• Know your medicals. You should review your medical records—preferably, read them all to remind you of what you went through.  At the very least, have a good idea of who you went to, for how long, and know about how much they charged you.  Reading medical records isn’t the most enjoyable thing, but knowing your medicals will help you to understand your case.
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Total-Loss-11-26-11When an auto case settles, or after the judge or jury give a verdict in your favor, the insurance company will send your lawyers a check.  Your lawyers will ask your permission to sign your name to the check, and they will deposit it in an escrow account.  The escrow account is one of the safest, most regulated parts of lawyering.  Lawyers can lose their ability to practice law if they don’t handle the escrow account exactly right.  It is a near-sacred duty to the client.

After that, the lawyer will need to disburse the money to everyone who is entitled to part of it.  You can see a sample settlement and disbursement form here: Settlement & Disbursement (03-05-18).   In general, the money goes three places:  to you, to your lawyer, and to the other people (usually medical providers or health insurance companies) who are still owed money.  Let’s run through a sample distribution.

Let’s say your case settles for $300,000.00.  The amount of money your lawyers get is determined by your contract with them—by the retainer agreement (sample here: Retainer (Form-Auto)(03-04-18)) you signed.  Most lawyers have the same fee agreement for settled cases—they get 1/3 (or 33.33%) of the total gross settlement.  (If you are active military or a veteran, let us know—as part of our appreciation, we cut our fee percentage!)  In our example, 1/3 of $300,000 is $100,000.  Sounds like a lot, and it is.  The question to ask yourself is, without your lawyers, would you have received as good of a verdict?  If you hire cut-rate lawyers, would you still do as well?

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Prince-Georges-County-Circuit-CourtWe had a pre-trial conference in Cecil County earlier this week.  As I was discussing with my clients what to expect, I was reminded that, as “old hat” as these pre-trial conferences are for me, most people have never been through the process.  This is a good place to describe what they are all about.

One caveat before we start–there is some variation between the counties, and sometimes even between judges in the same county.  Your lawyer should know (either by experience or by asking other lawyers with experience) exactly what to expect in your case.  Here is a sample scheduling order for Baltimore City Circuit Court, which sets the pre-trial conference: Scheduling Order (02-24-18)

Some frequently asked questions:

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Exhibit-Sticker-02-24-18-300x300Immediately after an injury, it is important to collect and preserve all the evidence you will need to prove your case.  Trials can be lost because of a lack of evidence.  Sometimes, a judge deciding liability may need to know where the cars came to rest, what the property damage looked like, or what the dashcam footage revealed.  Sometimes that evidence is in the hands of another person, corporation, or governmental entity.

Enter the spoliation letter.  This is the singularly most important step in evidence preservation.  Without it, it is possible, even likely, that the evidence you need will be destroyed, often in the normal course of business.  Security tapes are routinely recorded over every day, week, or month.  Documents and photographs may be destroyed when they serve no further use.  But a proper spoliation letter can not only help to ensure that evidence remains available, but when sent to a future defendant, it can help you in other ways if the evidence is destroyed.  For example, a judge may rule that if evidence destroyed after the receipt of a proper spoliation letter, the jury can infer that the evidence was harmful to the destroyer’s case.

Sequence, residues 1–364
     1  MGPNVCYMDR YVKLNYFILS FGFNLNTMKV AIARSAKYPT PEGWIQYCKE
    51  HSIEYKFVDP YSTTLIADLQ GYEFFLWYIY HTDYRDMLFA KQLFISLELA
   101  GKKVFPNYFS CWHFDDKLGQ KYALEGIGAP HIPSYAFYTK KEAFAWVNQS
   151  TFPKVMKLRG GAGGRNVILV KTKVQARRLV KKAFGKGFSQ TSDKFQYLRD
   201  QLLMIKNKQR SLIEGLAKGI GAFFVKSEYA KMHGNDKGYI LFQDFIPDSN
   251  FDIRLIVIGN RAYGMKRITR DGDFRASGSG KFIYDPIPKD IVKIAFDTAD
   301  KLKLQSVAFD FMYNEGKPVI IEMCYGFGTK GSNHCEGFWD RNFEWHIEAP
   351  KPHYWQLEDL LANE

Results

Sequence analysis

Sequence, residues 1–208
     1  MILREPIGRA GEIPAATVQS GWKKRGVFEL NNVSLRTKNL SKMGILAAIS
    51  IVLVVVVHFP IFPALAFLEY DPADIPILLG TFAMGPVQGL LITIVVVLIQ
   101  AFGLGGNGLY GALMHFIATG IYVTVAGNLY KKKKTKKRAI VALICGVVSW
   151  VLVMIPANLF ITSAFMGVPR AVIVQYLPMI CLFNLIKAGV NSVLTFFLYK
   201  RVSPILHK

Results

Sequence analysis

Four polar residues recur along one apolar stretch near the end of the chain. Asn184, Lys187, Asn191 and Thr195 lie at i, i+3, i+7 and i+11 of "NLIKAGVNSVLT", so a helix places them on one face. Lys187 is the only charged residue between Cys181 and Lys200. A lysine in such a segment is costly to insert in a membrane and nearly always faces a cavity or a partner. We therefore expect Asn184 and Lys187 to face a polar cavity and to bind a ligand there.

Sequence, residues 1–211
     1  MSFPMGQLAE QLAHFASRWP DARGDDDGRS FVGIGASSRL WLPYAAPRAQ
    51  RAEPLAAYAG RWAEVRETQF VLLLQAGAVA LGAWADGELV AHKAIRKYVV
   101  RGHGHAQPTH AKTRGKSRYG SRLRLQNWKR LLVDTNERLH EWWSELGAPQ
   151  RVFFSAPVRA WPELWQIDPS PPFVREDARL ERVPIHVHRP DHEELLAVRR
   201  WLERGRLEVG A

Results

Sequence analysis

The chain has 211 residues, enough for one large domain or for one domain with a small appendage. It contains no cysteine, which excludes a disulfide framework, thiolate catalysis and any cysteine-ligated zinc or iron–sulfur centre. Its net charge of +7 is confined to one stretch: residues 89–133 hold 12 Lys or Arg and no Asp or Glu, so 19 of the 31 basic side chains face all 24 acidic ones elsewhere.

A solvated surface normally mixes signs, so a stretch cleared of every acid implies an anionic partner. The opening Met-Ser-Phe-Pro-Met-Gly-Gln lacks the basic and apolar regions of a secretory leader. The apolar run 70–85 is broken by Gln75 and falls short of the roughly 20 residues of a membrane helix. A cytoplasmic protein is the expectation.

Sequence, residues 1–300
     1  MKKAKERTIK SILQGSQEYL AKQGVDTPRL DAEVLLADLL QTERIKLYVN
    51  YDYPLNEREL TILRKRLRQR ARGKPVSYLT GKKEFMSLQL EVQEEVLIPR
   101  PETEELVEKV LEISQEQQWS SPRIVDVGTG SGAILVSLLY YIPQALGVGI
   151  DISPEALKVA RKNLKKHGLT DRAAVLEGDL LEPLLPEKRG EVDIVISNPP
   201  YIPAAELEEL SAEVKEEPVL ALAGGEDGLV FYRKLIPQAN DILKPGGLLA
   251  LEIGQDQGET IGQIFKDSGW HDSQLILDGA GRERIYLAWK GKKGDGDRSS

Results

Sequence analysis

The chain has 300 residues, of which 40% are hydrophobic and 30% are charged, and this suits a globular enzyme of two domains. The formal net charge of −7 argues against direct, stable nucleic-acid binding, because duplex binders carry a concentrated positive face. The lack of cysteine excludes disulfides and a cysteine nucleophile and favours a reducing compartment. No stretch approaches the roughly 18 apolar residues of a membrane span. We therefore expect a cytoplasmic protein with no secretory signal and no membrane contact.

So, make sure that your spoliation letter (or your lawyer’s spoliation letter) is sent by some mechanism to ensure you can prove it was sent–a fax, an email, hand-delivery with a date-stamped copy, or a certified letter with return receipt requested is usually a good start.

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Get-of-Jail-Card-02-28-18-300x176It’s one of those things that most lawyers have had to deal with at one time or another in personal injury cases.  The client (plaintiff or defendant), or an important witness, might be, as we call it, a “resident of the State.”  That is, they may be in jail.

If the testimony is important for your case, you have the burden to get it.  A judge may not be very forgiving if you did not do the legwork to arrange for the prisoner’s testimony.  You don’t want to have to ask for a postponement unless it is absolutely necessary.

You’d think it would be a simple matter to get someone transferred from a jail to courthouse (after all, they probably took the reverse trip at some time in the past).  Sometimes it is easy, sometimes it is not.  How do you get them out of jail (however briefly)?  File a writ of habeas corpus ad testificandum.  A writ is a written command.   Habeas corpus is a Latin phrase that means “that you have the body.”  Ad testificandum is another Latin phrase which refers to oral testimony, usually before a court.  Put it all together, and it is essentially a command that a person be released from jail for testimony at court.

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District-Court-LogoOur district court clients often have questions about how long it will take for their cases to conclude.  The real answer is always “it depends.”  It depends on whether the insurance company offers a reasonable settlement and when; it depends on how congested the court’s docket is; it depends on the schedule of the parties, the lawyers, and the witnesses; it depends on how easy (or difficult) it is to locate and serve the defendants.

However, we can give some general guidance.  Your case may vary, of course, but the process is usually this:

The first date at which to calculate the time to get to trial is from the time that we decide to file a complaint in the courthouse.  We might file a number of reasons: